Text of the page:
I rather like Newman's approach in The Grammar of Assent, but he didn't have the benefit of some our contemporary analytical tools. Since you're a specialist in epistemology and I am not, I doubt I have anything distinctively philosophical to offer that you haven't heard and considered already. My position is really more theological than philosophical in any case.

In the case of Christianity, the proposed object of assent is divine revelation, which is fundamentally the Person of the Incarnate Logos himself. Accordingly, the gift of faith comes more through an encounter with that Person than through argument. That is Ratzinger's position too. An argument, of course, can be the occasion for such an encounter, often by way of removing artificial intellectual obstacles to perceiving or staying with the encounter. At other times, a well-constructed argument such as yours can "connect the dots" for somebody when they would not have done so for themselves. But even that works only if, under the Spirit's influence, they are already disposed to see what there is too see. Good arguments can begin or facilitate the process of freely receiving the gift of faith in the encounter, but they cannot substitute for it.

Tim's point that "intellectually compelling" argument is not the same as "proof," is technically correct, where 'proof' is understood deductively. So I concede that lack of such proof does not equate with lack of intellectual compulsion. But I don't find that especially pertinent. A person resistant to the gift of faith can always justify, in their own terms, importing negative considerations into what would otherwise be the "compelling" ensemble of factors in a cumulative-case argument. I agree that those considerations are often "emotional," but I don't think they're merely emotional in most cases. The so-called "problem of evil," e.g., is often emotionally motivated, but it does present a serious intellectual challenge. I find that people overcome the challenge only when their spiritual gestalt has been reset in some way, freeing them for the needed encounter.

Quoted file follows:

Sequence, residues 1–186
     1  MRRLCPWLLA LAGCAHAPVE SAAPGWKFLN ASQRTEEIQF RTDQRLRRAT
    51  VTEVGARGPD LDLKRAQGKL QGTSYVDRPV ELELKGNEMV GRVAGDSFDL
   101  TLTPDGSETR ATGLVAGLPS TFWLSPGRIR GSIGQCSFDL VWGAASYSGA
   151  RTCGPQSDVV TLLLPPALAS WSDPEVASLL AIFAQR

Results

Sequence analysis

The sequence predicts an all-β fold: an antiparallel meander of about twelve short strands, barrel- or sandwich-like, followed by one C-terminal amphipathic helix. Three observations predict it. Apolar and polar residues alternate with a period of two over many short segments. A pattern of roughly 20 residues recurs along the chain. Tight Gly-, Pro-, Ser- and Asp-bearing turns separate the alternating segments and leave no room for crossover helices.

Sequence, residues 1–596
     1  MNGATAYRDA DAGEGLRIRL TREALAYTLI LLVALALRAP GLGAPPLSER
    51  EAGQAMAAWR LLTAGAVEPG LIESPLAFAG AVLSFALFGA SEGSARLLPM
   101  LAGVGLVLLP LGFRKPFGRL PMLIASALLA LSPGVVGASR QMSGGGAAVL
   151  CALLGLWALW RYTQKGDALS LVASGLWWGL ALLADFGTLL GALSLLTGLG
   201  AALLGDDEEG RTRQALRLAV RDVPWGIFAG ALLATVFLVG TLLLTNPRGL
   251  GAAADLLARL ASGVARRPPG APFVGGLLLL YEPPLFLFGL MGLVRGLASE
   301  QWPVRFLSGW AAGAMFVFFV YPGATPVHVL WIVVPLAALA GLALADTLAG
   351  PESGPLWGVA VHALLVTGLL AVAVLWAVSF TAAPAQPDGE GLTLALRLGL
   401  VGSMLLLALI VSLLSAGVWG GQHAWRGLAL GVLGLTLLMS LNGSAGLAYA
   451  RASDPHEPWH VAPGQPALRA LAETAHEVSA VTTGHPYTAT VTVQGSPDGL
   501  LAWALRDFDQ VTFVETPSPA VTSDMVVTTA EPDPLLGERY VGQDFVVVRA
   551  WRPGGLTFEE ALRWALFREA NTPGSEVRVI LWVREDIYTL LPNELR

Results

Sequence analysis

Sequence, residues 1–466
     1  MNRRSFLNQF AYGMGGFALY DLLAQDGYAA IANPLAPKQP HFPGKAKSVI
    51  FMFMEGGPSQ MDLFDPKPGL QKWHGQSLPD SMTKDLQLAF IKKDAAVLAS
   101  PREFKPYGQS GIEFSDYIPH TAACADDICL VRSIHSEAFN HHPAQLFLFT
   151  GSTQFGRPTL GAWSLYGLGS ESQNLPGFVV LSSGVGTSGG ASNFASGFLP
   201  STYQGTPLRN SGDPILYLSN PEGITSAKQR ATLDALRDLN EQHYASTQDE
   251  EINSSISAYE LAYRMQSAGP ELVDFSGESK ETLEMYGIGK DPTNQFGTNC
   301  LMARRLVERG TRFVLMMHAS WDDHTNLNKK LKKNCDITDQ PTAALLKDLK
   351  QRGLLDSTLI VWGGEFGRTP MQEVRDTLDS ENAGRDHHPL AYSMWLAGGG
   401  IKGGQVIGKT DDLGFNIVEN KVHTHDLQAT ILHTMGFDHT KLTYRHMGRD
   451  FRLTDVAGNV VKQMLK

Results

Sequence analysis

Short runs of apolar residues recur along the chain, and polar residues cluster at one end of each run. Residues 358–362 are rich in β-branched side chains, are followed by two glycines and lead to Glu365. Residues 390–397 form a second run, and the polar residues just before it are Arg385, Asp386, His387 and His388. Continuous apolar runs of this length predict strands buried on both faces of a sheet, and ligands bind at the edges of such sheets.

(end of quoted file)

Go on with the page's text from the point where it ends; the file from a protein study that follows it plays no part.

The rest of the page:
As Tim says, of course, this is "a very old argument" and we're not going to resolve it here. But I'm enjoying the discussion.

Best,
Mike

Valuable for our young people and for those of us in the fray....
C-CS

Brad, good question. I would say that evangelism is _always_ aimed toward the goal of bringing people to saving faith in Christ and, as such, may not make use of apologetics if that doesn't make sense in the context. For example, suppose someone comes to you and says, "I need Jesus. I've been a rotten skunk all my life, I know that's wrong, and I need to turn to God. Will you help me?" This is not a person who is questioning the truth of Christianity. This person accepts that truth and is asking to be, in the Protestant phrase, led to Christ. Or an evangelist might come in and simply give a gospel message, might simply tell the truth of our sin, our need of a Savior, Jesus' life, death, and resurrection for our sin, etc. There are other examples of evangelism that makes sense without apologetics.